The third long plot arc of The Sandman is a strange one. It’s hard to really fit this arc into the series’s macro story, as Dream is a very minor character in this arc (much like The Doll’s House, he exists on the fringes of someone else’s story, and only intervenes when the plot demands it; unlike The Doll’s House, Dream’s actions here actually carry very little import). Our protagonist for the next six issues is a character we’ve met previously: Barbie, one of Rose Walker’s former housemates from her time in Florida (this whole arc is actually loaded down with references to the earliest issues of The Sandman, which inclines me to think of it more like an indirect sequel to those plotlines than anything else), who has split up with Ken since the trauma of the Dream Vortex, which left her unable to dream.
A Game of You has Barbie as its central protagonist, but she isn’t the only major character of interest; this first issue in the arc introduces us to all of Barbie’s neighbors in her apartment building: Wanda, the trans woman who lives next door; Hazel and Foxglove, a lesbian couple who live on the floor above; Thessaly, a quiet woman who’s generally more interested in her studies than anything; and George, an apparently grumpy neighbor who is actually a henchman for the arc’s villain, the Cuckoo (it’s weird to describe an arc of The Sandman as having a villain, but I don’t think any other word really works). All of these characters play significant roles and go through interesting personal arcs over the course of these six issues, and then (spoiler alert) we’ll never see most of them again. I think this arc above all others in the course of The Sandman is the one most invested in exploring the lives of ordinary people (much of the action in the first issue is just the tenants of Barbie’s apartment building interacting in mundane ways meant to establish their relationships to one another), and for the sake of preserving the integrity of that experience, Gaiman makes the deliberate choice here to introduce a cast of mostly brand new characters who won’t get much more than a callback later (there’s also some strange parallelism between Rose’s housemates and Barbie’s neighbors in the setup of this arc that continues to impress on me that this is meant to be a sort of sequel to that earlier storyline).
For all the particular interest in mundanity that we see in this first issue of the arc, it’s also important to recognize that this is simultaneously one of the most traditional fantasy stories we’ll see in The Sandman; much of the world building surrounding The Land and Barbie’s involvement with it echoes the kind of second world fantasy that J.R.R. Tolkien and C.S. Lewis explored in their work during the middle of the last century (I see a lot of parallels in particular with Lewis’s Narnia series here, and I suspect that’s quite deliberate on Gaiman’s part). The Cuckoo has shades of both Sauron and the White Witch in this issue, and the fantasy creatures who are Barbie’s friends all hail from the same talking animal mold as Mr. and Mrs. Beaver and Reepicheep. Even the macguffin of the Porpentine smacks of previous arbitrarily important magical artifacts like the One Ring and Lucy Pevensie’s healing cordial. The rationale behind the traditionalism on display here is an interesting one: The Land was imagined by Barbie, who in her life before the Vortex incident was an extremely bland person with a relatively shallow inner life built around narratives that she thought were important to emulate as closely as possible. It’s why in her dreams she manifests as a typical fantasy princess; that role and its attendant tropes are what she knows.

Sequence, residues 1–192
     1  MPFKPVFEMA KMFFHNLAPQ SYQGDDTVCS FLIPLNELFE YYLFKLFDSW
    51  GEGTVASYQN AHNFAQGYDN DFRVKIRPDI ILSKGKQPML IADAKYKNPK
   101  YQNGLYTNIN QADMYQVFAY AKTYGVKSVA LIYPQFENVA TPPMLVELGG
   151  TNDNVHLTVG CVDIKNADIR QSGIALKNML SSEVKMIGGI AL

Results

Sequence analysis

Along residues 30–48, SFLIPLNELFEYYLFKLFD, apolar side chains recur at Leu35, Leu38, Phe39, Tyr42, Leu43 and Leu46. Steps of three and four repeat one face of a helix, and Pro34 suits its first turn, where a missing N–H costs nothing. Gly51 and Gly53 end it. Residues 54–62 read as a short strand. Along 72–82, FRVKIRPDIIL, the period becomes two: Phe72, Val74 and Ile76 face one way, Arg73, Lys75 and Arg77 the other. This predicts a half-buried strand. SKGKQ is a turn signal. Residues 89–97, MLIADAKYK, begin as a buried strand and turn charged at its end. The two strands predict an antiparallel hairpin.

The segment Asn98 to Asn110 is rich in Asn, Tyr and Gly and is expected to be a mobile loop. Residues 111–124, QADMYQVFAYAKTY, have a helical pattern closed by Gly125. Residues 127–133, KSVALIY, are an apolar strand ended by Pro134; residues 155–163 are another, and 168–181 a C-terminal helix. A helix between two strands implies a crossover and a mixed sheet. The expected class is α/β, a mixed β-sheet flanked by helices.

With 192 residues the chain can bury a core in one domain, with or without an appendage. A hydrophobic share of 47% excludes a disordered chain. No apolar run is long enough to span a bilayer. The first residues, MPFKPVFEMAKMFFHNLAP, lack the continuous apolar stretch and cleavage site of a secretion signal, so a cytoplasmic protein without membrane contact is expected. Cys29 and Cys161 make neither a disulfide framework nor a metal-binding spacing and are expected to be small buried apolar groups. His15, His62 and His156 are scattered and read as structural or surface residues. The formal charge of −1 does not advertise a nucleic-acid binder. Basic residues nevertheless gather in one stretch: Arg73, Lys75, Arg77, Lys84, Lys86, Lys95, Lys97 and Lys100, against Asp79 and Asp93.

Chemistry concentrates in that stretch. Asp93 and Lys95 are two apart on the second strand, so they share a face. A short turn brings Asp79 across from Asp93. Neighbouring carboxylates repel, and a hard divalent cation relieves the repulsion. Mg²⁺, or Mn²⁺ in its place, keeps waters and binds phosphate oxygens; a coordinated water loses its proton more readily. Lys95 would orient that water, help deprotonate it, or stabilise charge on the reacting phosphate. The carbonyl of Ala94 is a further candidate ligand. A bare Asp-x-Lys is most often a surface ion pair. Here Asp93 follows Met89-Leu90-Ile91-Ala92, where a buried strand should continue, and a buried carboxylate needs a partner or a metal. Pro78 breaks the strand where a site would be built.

And that traditional fantasy setup highlights one of the biggest themes of the arc; our main characters here are in various states of transition from one kind of identity to another, and there’s a lot to be explored about how a person navigates the task of choosing which parts of old identities to jettison and which parts to hold on to. As we’ll see, Barbie’s in a place where she really can’t return to what she knew before, and she has a lot of work to do in figuring out if there’s anything to be reclaimed from her past.
On the art front, this issue is illustrated by Shawn McManus, whose skills I’ve already praised in my post on “Three Septembers and a January.” McManus’s faces are slightly cartoonish in the way they convey emotion, but the effect works here, where we’re seeing a blend between the heightened reality of the fantasy world and the mundane life of New York City. When the two worlds collide (rather violently, at that) with the arrival and subsequent gunning down of Martin Tenbones, McManus’s art sells the sense of wrongness that I think we’re supposed to feel along with Barbie at seeing this fairytale creature so brutally killed by gunfire (it’s ironic that the opening panels depict a slaughtered, frozen body in the wastes of The Land, but I suspect those bookends are meant to convey just how wrong things have gone in Barbie’s dreamworld in her absence). Besides that, it’s always fun to see his version of Dream (although for only two pages in this issue) with the broody eyebrows.
Next time, we’ll get a reiteration of one of my favorite parts of the Vortex incident as we explore the dreams of Barbie and her neighbors.